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Documents reveal British police kept secret files on ‘Star Trek’ and ‘X-Files’ fans

The real threat of the late '90s was science fiction.


Aja Romano

Internet Culture

Posted on May 23, 2015   Updated on May 28, 2021, 6:35 pm CDT

According to Scotland Yard, sci-fi television shows like Star Trek and Roswell have more in common than a search for alien life. At the turn of the century, U.K. police apparently feared these shows could unite their fans in dangerous UFO cults reminiscent of Heaven’s Gate.


A newly released pair of undated documents has indicated that at the turn of the 21st century, British police were leery of organizations like UFO cults and other “New Religious Movements,” or NRMs.

“The problem is that growing numbers are not treating this as entertainment, and finding it impossible to divorce fantasy from reality.”

The revelation comes 10 years after folklorist Dr. David Clarke first filed a Freedom of Information request with the Metropolitan Police to obtain the documents. Clarke sought the documents in 2005 as research for his 2009 book The UFO Files. The pages released include a two-page memo designed for anti-terrorist officers. In a blog post discussing the documents, Clarke claims that X-Files, Millennium, Dark Skies, and Star Trek are all series the Met viewed as dangerous. 

According to the brief, these shows would press “the psychological buttons” of fans, and thus encourage a “sinister” level of interest from “certain groups and individuals” who cared too much about the content of such programs. 

Why these shows in particular? The Met apparently believed they held a peculiar sway over their audience because they united “the various strands of religion, UFOs, conspiracies and mystic events and put them in an entertaining story line.”

Yep. That’s what these shows are all about. Mystic events…


…and harrowing conspiracies.

Or, you know, it’s possible those fans were drawn to strong characters and good storylines, like any other show on television. Then again, this was the ’90s, and fandom and geek culture was still primarily seen as a weird, obsessive, and potentially subversive hobby to the mainstream.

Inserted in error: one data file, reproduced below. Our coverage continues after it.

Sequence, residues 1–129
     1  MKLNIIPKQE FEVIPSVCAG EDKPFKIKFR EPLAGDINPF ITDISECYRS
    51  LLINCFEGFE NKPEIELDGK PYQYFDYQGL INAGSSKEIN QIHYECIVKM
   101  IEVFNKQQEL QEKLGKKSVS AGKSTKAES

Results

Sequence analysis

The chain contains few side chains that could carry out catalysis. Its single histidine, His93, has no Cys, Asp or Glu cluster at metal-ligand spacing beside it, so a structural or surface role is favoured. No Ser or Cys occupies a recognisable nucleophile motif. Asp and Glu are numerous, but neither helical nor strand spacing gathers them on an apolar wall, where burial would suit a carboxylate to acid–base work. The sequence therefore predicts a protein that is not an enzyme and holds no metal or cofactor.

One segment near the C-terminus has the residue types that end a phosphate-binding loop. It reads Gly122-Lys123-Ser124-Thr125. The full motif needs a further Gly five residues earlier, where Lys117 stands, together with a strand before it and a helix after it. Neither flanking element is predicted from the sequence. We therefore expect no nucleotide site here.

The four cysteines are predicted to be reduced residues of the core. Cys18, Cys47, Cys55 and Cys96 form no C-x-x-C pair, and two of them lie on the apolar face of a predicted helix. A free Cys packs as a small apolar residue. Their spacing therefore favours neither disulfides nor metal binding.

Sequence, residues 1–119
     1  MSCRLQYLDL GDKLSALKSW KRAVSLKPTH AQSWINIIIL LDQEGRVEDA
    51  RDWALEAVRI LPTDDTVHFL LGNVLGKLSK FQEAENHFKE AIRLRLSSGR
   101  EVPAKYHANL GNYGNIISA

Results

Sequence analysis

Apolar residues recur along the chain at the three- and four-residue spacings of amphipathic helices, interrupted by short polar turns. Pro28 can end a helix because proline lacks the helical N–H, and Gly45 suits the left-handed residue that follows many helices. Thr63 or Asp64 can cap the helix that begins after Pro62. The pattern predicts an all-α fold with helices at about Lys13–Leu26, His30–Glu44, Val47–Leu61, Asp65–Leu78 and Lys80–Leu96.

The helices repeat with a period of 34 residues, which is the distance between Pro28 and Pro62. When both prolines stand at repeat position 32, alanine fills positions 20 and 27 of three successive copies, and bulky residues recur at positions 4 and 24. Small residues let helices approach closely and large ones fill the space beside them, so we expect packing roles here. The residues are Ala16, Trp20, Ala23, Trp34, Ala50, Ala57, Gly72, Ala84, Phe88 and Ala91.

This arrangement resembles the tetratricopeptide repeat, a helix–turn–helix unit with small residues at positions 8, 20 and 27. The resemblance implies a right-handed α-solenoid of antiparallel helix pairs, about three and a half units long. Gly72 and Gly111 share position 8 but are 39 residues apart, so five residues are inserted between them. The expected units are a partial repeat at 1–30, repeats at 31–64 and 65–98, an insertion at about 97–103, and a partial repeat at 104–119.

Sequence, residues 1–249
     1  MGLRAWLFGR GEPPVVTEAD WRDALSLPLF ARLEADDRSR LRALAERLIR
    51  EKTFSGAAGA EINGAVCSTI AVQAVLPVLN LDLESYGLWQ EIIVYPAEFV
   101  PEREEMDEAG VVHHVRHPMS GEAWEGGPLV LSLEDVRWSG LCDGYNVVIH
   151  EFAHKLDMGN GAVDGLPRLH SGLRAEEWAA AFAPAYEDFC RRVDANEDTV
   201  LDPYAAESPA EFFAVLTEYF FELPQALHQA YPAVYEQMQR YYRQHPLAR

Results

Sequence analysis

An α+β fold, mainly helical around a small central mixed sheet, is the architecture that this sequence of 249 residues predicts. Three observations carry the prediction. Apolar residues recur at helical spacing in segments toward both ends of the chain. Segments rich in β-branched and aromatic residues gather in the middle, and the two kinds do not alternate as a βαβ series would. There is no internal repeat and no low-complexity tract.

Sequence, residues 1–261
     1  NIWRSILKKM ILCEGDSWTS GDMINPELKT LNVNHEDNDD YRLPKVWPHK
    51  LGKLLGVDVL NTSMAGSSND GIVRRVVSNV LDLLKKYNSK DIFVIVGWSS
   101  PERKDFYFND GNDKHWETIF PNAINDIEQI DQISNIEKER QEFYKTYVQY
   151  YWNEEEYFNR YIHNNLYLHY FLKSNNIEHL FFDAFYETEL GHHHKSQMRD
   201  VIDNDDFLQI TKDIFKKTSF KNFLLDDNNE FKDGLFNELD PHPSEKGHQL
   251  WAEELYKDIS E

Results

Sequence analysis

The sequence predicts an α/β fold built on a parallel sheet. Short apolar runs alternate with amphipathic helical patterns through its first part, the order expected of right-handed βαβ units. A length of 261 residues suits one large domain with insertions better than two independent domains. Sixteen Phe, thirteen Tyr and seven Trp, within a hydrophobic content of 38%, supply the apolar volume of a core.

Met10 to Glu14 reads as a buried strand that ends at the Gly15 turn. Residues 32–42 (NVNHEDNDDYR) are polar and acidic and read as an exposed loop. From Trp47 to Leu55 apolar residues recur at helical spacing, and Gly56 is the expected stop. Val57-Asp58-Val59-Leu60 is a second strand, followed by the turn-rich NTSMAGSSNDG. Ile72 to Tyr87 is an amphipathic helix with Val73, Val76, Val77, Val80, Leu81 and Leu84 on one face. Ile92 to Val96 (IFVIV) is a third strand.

The brief went on to intone, “The problem is that growing numbers are not treating this as entertainment, and finding it impossible to divorce fantasy from reality.” It also warned the force not to “dismiss” such fans as “mentally deranged.” Gee, thanks.

The urgency was apparently born out of fear of millennial cults and other looming new age catastrophes—a fear exacerbated by the 1997 mass suicide of Heaven’s Gate followers. The brief urged anti-terrorist squads to be wary of conspiracy buffs, along with that age-old lure to the dark side, rock and roll music:

The purpose of this note is to draw attention [to] the risk posed by UFO NRM’s, in relation to the millennium. It should be remembered that UFO NRM’s are new, and draw inspiration from sources one would not normally associate with religious devotion, particularly rock music, television drama and feature films.

Over the past decade, there has been an increase of interest in alleged governmental conspiracy theories. The spectrum of topics is wide ranging. Particular interest is shown in UFO sightings, alien abductions, political assassinations (particularly John F. Kennedy), the Vietnam war, aeronautical and computer technology.

So basically, it sounds like at the turn of the century the British police force was terrified of any and all pop culture, with an especially deep insecurity over sci-fi and television. 

We can only guess at the sheer panic YouTube and the return of Doctor Who would cause Scotland Yard just a few godless years later.

A spokesperson from the Met told the Telegraph that the force had no knowledge of the dossiers or the warnings to beware of aliens on television. 

We hope they’re just really, really embarrassed.

Illustration via NASA Ames/JPL-Caltech/Tim Pyle

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*First Published: May 23, 2015, 5:34 pm CDT